Software Accessibility - Where Are We Today?
- Where Are We Today?
- Alternative ways to access the screen's contents
- Alternative ways to command the computer and enter data
- Uh Oh! Lack of Context is a Major Problem
- Enter Stage Left: an API that Provides Context
- What Do I Need to Do?
- Links and Resources
The accessibility of computer software has seen drastic improvements over the past two decades. This article reviews the progress and technology as it has developed.
Up until this point, the largest driving force behind desktop computing environments has been Microsoft, first with MS DOS, followed by variants of Microsoft Windows. These operating systems were not designed with the needs of people with disabilities in mind. Many, including those who were blind or physically disabled, were unable to use applications which were written for Microsoft operating systems. These applications assumed that computer users could:
- Read and react to text and images displayed on the screen.
- Type on a standard keyboard.
- Select text, pictures, and other information using a mouse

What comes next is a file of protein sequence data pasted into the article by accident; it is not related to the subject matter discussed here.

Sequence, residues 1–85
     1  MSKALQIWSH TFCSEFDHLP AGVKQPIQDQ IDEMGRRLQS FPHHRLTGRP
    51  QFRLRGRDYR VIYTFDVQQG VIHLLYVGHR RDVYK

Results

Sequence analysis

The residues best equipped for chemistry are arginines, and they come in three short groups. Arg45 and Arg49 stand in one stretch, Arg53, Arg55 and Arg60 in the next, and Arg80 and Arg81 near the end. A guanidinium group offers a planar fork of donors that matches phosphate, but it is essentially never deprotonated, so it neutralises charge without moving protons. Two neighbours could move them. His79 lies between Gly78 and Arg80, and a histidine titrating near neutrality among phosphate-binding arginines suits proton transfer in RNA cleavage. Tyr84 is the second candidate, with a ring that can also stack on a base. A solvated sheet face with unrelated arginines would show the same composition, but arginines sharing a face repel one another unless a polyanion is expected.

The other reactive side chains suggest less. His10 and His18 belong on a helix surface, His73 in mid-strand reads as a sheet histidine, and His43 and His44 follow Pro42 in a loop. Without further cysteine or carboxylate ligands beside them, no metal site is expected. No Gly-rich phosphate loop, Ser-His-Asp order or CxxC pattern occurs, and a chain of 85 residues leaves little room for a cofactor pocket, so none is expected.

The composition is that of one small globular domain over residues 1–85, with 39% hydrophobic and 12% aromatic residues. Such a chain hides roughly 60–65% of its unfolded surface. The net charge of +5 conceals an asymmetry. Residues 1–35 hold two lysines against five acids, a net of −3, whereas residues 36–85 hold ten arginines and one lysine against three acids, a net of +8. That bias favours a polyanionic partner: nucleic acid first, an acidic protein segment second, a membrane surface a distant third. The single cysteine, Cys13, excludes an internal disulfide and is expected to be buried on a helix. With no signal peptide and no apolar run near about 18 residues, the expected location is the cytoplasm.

- React to sounds played. This tends to be somewhat less of a limitation in that most software doesn't rely exclusively on audio to relay feedback.
If a person was unable to do one of the above-listed tasks, they found themselves unable to use many popular computer applications. Here are some of the groups of people that have problems doing some of those tasks:
- Print disabled: blind, deaf-blind, low vision, obstructed vision, dyslexic, cognitively disabled and illiterate individuals.
- Physically disabled: users have amputations, paralysis, repetitive stress, cerebral palsy, muscular dystrophy, Parkinson's or other problems limiting mobility.
- Hearing impaired
We must also consider the increasing numbers of aging baby boomers that are beginning to experience problems with their sight, vision or dexterity. When you add all these groups of people together, that's a lot of potential users!
In answer to this problem, many small accessibility hardware and software vendors created products and software which helped people who could not perform one of the four basic tasks to use common computer applications. Some examples of these assistive devices and software include:
- Screen reading software, which speaks text displayed on the screen using hardware or software text-to-speech, and which allows a blind person to use the keyboard to simulate mouse actions
- Alternate input devices, which allow people with physical disabilities to use alternatives to a keyboard and mouse
- Voice recognition software, which allows a person to simulate typing on a keyboard or selecting with a mouse by speaking into the computer